In Spencer, “although it seems telling that the JCC found that the employer/carrier did not show that light duty work ‘even existed’ after August 16th, she also acknowledged [the employer’s] testimony that suitable employment would have continued if claimant had returned to work. Her finding that the employer was not likely to offer light duty work after Spencer’s release to full duty on August 21st seems speculative based on this record and, even if supported by evidence, would not explain an award beginning August 17th. The same may be said about her finding that Spencer was given work restrictions after January 12, 2018. But at the end of the day, it is simply not certain whether the JCC based her ruling on more than the lack of continuous offers of employment after the date of termination.”
The Florida First District Court of Appeals reversed the JCC’s rejection of the employer’s/carrier’s refusal of suitable employment defense under Florida Statute Section 440.15(6) “because the JCC’s analysis and application of the law is not clearly in accord with the statute and the relevant case law.” The JCC was instructed to apply the three-part prong from Moore and reconsider “with findings addressing: (1) the continued availability of suitable employment; (2) Spencer’s continued refusal of such suitable employment; and (3) any justification for a continued refusal.”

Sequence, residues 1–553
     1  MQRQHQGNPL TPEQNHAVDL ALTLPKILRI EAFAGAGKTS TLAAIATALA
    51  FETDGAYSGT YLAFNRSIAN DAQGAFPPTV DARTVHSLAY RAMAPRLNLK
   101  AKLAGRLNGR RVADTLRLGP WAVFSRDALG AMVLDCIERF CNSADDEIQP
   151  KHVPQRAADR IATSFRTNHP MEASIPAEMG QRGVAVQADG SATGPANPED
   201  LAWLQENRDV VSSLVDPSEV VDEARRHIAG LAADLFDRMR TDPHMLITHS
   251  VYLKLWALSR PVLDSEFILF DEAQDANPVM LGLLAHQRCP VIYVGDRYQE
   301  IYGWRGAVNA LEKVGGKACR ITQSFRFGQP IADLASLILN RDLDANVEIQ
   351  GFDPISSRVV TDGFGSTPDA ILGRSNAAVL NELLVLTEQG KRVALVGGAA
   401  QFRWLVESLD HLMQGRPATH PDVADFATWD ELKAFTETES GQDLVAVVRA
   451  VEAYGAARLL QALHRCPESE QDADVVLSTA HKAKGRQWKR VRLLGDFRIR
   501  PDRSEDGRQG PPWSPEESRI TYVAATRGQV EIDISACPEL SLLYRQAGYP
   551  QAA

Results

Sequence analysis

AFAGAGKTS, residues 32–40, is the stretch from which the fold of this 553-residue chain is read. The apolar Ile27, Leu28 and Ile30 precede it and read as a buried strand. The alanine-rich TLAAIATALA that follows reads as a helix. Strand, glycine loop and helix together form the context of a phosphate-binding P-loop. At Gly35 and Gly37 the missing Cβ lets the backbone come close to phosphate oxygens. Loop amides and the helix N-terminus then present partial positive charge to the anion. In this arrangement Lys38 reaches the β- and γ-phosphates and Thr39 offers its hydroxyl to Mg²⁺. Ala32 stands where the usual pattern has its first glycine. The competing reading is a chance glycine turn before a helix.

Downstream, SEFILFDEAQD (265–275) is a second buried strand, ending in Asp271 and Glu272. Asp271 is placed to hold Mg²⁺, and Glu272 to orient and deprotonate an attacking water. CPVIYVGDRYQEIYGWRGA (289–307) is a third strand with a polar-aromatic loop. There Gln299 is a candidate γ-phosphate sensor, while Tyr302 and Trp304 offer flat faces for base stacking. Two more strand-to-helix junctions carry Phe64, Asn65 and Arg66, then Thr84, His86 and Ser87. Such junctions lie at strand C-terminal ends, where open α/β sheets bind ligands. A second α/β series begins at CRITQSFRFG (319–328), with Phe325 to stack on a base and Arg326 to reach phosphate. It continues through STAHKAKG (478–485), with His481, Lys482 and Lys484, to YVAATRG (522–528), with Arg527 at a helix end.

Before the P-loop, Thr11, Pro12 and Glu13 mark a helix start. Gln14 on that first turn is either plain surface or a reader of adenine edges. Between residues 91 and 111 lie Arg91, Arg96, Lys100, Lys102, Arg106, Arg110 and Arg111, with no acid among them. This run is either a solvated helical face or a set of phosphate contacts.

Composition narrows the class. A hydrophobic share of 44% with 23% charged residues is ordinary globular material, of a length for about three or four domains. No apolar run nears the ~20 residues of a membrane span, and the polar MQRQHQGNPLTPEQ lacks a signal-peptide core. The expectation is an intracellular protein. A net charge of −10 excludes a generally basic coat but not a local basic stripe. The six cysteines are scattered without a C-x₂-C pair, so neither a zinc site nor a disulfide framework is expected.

In light of Carter, when determining whether a claimant is entitled to temporary partial disability benefits, there is a required showing of a causal connection between her injury and lost wages. Was the injured worker able to work the same hours and earn the same wages in her job after the accident as she had been earning in the same job at the time of her injury? If the industrial accident did not cause the reduction in the injured worker’s earning capacity, then temporary partial disability benefits are not due and owing.
Based upon Spencer, if you intend to pursue a voluntarily limitation of income affirmative defense, remember the three-part inquiry from Moore that will be applied: (1) the continued availability of suitable employment; (2) the injured workers’ continued refusal of such suitable employment; and (3) any justification for a continued refusal.